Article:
This inter­ac­tive video (from 2013) is the song’s first offi­cial video. It allows view­ers to use their key­boards or cur­sors to flip through 16 chan­nels that mim­ic TV for­mats such as games shows, shop­ping net­works and real­i­ty series. Peo­ple on each chan­nel, no mat­ter what TV trope they rep­re­sent, are seen lip-sync­ing the lyrics.

“I’m using the medi­um of tele­vi­sion to look back right at us,” direc­tor Vania Hey­mann told Mash­able. “You’re flip­ping your­self to death with switch­ing chan­nels [in real life].” Adds Inter­lude CEO Yoni Bloch: “You’ll always miss some­thing because you can’t watch every­thing at the same time.”

The sta­tions you can flip through include a cook­ing show, The Price Is Right, Pawn Stars, local news, a ten­nis match, a children’s car­toon, BBC News and a live video of Dylan and the Hawks play­ing “Like a Rolling Stone” in 1966.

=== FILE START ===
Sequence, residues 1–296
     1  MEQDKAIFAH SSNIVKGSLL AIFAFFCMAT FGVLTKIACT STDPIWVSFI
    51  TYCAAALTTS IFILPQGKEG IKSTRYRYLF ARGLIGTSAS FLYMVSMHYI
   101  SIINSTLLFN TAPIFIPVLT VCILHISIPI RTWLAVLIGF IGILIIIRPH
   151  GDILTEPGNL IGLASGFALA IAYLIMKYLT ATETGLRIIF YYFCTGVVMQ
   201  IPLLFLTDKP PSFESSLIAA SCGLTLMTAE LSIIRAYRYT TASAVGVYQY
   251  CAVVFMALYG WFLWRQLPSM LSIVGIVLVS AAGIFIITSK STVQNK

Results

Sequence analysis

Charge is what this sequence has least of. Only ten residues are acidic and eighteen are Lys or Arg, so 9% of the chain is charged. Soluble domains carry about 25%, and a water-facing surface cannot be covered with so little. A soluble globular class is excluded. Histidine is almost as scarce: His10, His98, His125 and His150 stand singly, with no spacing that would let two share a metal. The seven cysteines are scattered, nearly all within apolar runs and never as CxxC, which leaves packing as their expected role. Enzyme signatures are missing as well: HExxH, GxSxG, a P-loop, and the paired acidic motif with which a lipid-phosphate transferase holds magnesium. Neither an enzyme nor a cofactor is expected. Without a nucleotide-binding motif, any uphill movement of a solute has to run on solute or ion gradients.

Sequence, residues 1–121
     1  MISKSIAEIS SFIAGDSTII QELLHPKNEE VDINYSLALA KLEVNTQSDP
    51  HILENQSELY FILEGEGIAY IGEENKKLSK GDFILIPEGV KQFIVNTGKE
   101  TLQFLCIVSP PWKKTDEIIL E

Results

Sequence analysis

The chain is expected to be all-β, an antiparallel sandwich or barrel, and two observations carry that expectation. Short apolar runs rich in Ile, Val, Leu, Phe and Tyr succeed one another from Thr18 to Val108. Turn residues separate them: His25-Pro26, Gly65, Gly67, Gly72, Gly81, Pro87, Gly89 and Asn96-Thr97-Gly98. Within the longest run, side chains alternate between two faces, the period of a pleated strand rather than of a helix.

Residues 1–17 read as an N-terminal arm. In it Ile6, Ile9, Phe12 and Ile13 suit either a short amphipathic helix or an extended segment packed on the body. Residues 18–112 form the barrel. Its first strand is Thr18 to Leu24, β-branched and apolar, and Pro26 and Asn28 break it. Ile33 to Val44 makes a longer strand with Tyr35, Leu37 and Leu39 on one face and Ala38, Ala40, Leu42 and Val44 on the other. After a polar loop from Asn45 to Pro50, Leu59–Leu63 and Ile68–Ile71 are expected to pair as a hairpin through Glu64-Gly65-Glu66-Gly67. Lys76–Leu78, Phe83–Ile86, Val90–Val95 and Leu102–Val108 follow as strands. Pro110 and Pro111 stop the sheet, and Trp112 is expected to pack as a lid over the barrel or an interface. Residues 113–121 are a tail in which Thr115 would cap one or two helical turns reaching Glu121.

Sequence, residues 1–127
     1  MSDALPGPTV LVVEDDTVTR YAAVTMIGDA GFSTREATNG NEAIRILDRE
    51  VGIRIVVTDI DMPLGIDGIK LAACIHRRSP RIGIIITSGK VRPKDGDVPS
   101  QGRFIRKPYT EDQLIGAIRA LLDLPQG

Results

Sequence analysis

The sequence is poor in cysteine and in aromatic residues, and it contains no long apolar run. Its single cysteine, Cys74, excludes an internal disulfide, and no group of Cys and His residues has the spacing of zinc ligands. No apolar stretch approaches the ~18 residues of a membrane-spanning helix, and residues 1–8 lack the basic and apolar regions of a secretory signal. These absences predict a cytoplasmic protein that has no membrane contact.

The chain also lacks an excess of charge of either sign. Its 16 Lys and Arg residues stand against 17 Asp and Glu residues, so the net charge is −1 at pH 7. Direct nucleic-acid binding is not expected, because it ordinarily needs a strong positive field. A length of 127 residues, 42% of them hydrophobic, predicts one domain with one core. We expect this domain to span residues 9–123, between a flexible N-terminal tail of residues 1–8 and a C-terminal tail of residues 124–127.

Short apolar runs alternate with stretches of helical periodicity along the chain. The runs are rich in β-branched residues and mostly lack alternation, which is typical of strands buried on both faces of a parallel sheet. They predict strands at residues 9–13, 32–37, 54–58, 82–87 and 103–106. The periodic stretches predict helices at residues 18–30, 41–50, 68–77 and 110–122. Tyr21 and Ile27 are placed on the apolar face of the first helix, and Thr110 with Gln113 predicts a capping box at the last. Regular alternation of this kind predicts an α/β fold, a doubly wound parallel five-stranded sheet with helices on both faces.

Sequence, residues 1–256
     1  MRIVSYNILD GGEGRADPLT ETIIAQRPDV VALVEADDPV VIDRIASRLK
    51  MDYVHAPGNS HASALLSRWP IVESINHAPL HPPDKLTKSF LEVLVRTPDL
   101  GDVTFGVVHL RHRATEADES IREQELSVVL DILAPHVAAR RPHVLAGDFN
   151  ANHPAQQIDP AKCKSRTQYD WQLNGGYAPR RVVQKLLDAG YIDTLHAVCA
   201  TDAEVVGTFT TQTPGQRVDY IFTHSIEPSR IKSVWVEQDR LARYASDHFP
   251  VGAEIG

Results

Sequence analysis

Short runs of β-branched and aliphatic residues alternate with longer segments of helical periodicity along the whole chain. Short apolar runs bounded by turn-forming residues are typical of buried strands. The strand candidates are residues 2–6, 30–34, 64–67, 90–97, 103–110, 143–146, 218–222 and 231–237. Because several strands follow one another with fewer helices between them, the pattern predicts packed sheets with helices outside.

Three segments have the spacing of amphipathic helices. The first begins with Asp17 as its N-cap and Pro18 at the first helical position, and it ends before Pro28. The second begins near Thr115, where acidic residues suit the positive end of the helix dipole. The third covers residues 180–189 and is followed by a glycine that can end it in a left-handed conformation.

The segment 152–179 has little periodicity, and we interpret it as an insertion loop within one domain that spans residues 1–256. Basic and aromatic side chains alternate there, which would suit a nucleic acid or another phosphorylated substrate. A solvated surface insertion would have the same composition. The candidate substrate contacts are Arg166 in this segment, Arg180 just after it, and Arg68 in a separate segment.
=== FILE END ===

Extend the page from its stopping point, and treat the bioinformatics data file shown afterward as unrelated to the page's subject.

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Keeping streets clean: vote with your butt

We all want clean and safe spaces around us. Pub­lic polling dis­cov­ered that a stag­ger­ing 86% of peo­ple think lit­ter­ing is a dis­gust­ing habit yet only 15% of us would actu­al­ly con­front some­one and tell them that. Tak­ing pride in the areas we live and work in helps to build bet­ter com­mu­ni­ties, and saves mon­ey.

This is why from May to Octo­ber, UK crowd­fund­ing net­work Hub­bub tri­alled a new approach to tack­ling lit­ter­ing on Vil­liers Street, West­min­ster, using the lat­est think­ing on behav­iour change and aware­ness rais­ing from around the world.